|User’s votes are weighted by their contribution to the site (log10 contribution). In addition, the user who created the observation gets an extra vote.|
|I’d Call It That||3.0||5.08||1|
|Could Be||1.0||4.88||1||(Christian Schwarz)|
sum(score * weight) /
(total weight + 1)
Not old yet, but on its way. Probably dug up or partially exposed, then dug up by an animal. In younger specimens, the gleba radiates outward from the columella (that central stipe-like thingy). Usually white when young, so older specimen. Might be able to tell more if spores are available. Douglas-fir is a common host in my experience. Not frequently collected: nice one! If you have dried material, you might consider mailing it to Dr. Matt Trappe, c/o Forestry Sciences Lab, 3200 Jefferson Way, Corvallis, OR. I think his entire address may be on the NATS website.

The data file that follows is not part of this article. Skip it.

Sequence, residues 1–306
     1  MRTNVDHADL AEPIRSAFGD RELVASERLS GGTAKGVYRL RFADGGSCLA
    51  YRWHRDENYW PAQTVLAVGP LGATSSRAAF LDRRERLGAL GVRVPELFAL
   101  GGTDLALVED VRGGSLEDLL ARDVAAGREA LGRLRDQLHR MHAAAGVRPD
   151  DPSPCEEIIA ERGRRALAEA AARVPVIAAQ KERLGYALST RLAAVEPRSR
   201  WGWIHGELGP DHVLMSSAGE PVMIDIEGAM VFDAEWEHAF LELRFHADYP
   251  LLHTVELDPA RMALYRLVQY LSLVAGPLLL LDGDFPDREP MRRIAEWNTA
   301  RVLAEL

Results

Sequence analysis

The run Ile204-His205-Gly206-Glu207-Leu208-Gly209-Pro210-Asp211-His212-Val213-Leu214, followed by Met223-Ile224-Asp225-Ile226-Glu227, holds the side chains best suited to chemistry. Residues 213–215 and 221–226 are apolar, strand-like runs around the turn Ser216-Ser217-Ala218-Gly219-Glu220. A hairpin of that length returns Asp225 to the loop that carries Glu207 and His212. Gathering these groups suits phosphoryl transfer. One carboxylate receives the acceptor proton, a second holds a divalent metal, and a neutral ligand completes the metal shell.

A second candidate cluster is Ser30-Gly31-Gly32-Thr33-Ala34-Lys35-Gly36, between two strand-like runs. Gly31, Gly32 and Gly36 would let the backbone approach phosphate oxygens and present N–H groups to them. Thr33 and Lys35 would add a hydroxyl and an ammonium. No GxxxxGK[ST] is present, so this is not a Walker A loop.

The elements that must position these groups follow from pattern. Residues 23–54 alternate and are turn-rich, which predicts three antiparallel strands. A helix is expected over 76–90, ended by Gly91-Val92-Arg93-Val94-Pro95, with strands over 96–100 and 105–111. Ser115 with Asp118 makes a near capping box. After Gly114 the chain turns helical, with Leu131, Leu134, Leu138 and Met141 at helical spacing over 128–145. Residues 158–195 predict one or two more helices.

capillitium (the orientated spore mass)
laying on the ground under Douglas Fir,
it has longitudinal oriented (i.e. strange) spore mass
I am having a hard time looking at the photos telling if this has pores or is a hypogeous thing sliced open.
let me know if you need pictures of the spores or some thing
Created: 2010-09-23 13:56:51 CDT (-0400)
Last modified: 2010-09-27 01:42:51 CDT (-0400)
Viewed: 89 times, last viewed: 2017-06-08 01:27:47 CDT (-0400)